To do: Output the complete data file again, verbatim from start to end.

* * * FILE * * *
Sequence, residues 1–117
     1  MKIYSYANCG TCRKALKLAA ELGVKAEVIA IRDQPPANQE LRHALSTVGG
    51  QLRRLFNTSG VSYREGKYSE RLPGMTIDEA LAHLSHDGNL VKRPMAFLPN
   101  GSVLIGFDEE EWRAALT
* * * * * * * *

Sequence, residues 1–117
     1  MKIYSYANCG TCRKALKLAA ELGVKAEVIA IRDQPPANQE LRHALSTVGG
    51  QLRRLFNTSG VSYREGKYSE RLPGMTIDEA LAHLSHDGNL VKRPMAFLPN
   101  GSVLIGFDEE EWRAALT